I said I wasn't going to do this, but I have a couple of quick thoughts that I don't think ought to be terribly controversial.
1. It seems that the Court has decided that the penalty for not having insurance is a tax, and that this is something that Congress has the power to do. I suppose reasonable people can disagree over the first point, but the second is pretty clearly spelled out in Article I.
2. Regardless of what you think of the outcome of this particular case, the fact that this was not a ruling that expanded further the scope of the Commerce clause is a good thing if you care about unchecked legislative power, generally.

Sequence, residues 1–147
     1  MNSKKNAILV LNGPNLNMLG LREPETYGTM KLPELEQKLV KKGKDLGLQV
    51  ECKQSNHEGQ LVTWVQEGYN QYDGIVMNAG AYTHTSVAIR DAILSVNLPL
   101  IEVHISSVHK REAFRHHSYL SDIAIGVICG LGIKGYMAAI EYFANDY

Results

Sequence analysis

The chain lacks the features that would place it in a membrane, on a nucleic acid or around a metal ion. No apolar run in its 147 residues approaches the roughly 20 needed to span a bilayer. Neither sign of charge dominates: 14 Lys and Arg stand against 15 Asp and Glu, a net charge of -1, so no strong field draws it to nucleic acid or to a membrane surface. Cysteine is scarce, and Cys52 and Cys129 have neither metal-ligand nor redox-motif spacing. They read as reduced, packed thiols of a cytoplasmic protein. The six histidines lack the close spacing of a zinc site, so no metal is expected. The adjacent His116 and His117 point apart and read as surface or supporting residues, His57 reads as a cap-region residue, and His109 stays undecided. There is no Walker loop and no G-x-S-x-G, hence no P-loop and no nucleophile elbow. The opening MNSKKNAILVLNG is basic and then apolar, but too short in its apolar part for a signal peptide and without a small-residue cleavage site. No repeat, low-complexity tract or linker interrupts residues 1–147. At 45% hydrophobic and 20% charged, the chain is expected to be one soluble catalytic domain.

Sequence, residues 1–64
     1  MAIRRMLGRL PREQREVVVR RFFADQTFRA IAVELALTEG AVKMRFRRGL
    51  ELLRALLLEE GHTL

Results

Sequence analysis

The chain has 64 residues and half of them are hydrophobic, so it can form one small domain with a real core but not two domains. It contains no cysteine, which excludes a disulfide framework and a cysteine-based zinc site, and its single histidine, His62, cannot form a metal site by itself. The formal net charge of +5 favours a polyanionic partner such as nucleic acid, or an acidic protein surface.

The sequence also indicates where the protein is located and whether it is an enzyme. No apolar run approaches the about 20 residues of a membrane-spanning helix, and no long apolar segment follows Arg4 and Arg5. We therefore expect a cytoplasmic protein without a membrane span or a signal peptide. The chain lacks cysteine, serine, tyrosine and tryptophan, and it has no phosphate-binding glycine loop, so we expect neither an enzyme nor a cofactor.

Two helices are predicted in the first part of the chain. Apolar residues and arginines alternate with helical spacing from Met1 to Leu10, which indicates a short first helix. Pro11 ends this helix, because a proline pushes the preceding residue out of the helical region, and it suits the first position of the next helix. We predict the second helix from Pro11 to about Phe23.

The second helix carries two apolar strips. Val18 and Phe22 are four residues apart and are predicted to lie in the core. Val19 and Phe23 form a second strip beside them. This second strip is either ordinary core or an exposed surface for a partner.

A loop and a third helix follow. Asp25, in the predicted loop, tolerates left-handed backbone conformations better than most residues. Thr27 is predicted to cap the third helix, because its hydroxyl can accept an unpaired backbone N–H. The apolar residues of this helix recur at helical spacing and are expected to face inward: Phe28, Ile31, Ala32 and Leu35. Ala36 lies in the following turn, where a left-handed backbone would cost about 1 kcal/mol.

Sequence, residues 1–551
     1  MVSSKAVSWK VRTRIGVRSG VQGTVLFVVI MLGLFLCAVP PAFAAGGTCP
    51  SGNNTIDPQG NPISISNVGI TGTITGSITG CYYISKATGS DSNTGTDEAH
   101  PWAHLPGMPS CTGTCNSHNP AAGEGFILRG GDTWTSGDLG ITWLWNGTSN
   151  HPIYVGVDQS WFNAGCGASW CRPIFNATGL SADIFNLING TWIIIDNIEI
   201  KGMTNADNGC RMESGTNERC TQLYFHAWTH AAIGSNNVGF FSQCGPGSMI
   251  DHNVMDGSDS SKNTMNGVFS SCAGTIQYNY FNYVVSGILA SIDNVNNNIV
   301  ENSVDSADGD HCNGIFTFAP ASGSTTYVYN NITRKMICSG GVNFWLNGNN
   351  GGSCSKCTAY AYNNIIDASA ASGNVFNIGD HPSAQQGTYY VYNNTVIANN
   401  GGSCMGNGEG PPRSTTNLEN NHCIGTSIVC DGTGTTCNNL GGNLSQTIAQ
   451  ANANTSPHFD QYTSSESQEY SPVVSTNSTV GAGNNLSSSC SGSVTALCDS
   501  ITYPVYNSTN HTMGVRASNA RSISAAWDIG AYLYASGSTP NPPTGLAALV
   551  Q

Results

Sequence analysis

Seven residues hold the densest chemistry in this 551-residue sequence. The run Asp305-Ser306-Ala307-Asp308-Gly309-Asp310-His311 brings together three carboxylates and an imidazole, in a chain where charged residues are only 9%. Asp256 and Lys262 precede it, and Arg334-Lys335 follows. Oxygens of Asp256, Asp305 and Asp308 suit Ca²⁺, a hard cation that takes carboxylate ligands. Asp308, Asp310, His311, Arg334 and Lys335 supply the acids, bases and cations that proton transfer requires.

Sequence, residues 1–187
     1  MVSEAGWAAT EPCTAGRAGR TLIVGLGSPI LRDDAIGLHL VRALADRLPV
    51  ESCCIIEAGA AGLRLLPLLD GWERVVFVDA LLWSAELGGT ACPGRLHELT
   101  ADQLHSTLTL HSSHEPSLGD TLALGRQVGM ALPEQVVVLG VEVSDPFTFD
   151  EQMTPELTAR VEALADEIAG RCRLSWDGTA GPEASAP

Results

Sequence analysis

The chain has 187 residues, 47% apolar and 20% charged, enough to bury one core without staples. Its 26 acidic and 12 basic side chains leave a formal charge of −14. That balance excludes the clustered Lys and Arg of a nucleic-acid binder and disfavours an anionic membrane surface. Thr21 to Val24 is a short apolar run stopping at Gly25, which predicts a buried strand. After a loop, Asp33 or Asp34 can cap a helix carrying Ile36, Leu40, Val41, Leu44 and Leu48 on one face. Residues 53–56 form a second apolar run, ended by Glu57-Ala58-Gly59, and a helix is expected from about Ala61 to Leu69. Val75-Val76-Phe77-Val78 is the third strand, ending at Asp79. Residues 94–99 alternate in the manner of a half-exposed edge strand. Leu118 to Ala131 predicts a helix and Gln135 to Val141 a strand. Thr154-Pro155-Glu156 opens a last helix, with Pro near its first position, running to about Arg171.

3. Whether the ACA is constitutional, whether it is good policy, and what it means politically for certain interested parties are three completely separate questions, and the Court is only to be concerned with the first. I am not convinced that the ACA is particularly good policy, but I also find the status quo it purports to remedy indefensible. At least now, we have a chance to find out whether or not it will deliver as promised, rather than having it gutted and have to start over from exactly where we were. That may or may not turn out to be a good thing, but there really is only one way to find out...